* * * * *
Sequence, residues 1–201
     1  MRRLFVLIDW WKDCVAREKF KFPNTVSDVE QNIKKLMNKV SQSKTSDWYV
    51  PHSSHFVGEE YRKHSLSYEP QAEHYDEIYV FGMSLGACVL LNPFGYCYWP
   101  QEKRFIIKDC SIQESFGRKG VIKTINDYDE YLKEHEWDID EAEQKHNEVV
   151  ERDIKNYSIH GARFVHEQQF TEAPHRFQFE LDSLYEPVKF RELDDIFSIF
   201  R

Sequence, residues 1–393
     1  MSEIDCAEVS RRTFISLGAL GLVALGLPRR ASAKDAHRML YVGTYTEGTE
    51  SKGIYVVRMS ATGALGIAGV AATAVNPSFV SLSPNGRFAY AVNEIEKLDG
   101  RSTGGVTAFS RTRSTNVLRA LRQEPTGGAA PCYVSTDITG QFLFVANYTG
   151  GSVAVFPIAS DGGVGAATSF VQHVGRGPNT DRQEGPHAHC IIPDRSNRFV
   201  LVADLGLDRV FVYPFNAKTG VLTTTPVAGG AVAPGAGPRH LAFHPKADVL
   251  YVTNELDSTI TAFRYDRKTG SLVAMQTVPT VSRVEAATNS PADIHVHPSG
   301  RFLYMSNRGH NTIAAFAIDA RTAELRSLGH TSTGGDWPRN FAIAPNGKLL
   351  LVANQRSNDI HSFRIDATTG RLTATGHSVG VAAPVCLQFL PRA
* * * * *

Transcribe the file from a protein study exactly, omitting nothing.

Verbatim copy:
Sequence, residues 1–201
     1  MRRLFVLIDW WKDCVAREKF KFPNTVSDVE QNIKKLMNKV SQSKTSDWYV
    51  PHSSHFVGEE YRKHSLSYEP QAEHYDEIYV FGMSLGACVL LNPFGYCYWP
   101  QEKRFIIKDC SIQESFGRKG VIKTINDYDE YLKEHEWDID EAEQKHNEVV
   151  ERDIKNYSIH GARFVHEQQF TEAPHRFQFE LDSLYEPVKF RELDDIFSIF
   201  R

Sequence, residues 1–393
     1  MSEIDCAEVS RRTFISLGAL GLVALGLPRR ASAKDAHRML YVGTYTEGTE
    51  SKGIYVVRMS ATGALGIAGV AATAVNPSFV SLSPNGRFAY AVNEIEKLDG
   101  RSTGGVTAFS RTRSTNVLRA LRQEPTGGAA PCYVSTDITG QFLFVANYTG
   151  GSVAVFPIAS DGGVGAATSF VQHVGRGPNT DRQEGPHAHC IIPDRSNRFV
   201  LVADLGLDRV FVYPFNAKTG VLTTTPVAGG AVAPGAGPRH LAFHPKADVL
   251  YVTNELDSTI TAFRYDRKTG SLVAMQTVPT VSRVEAATNS PADIHVHPSG
   301  RFLYMSNRGH NTIAAFAIDA RTAELRSLGH TSTGGDWPRN FAIAPNGKLL
   351  LVANQRSNDI HSFRIDATTG RLTATGHSVG VAAPVCLQFL PRA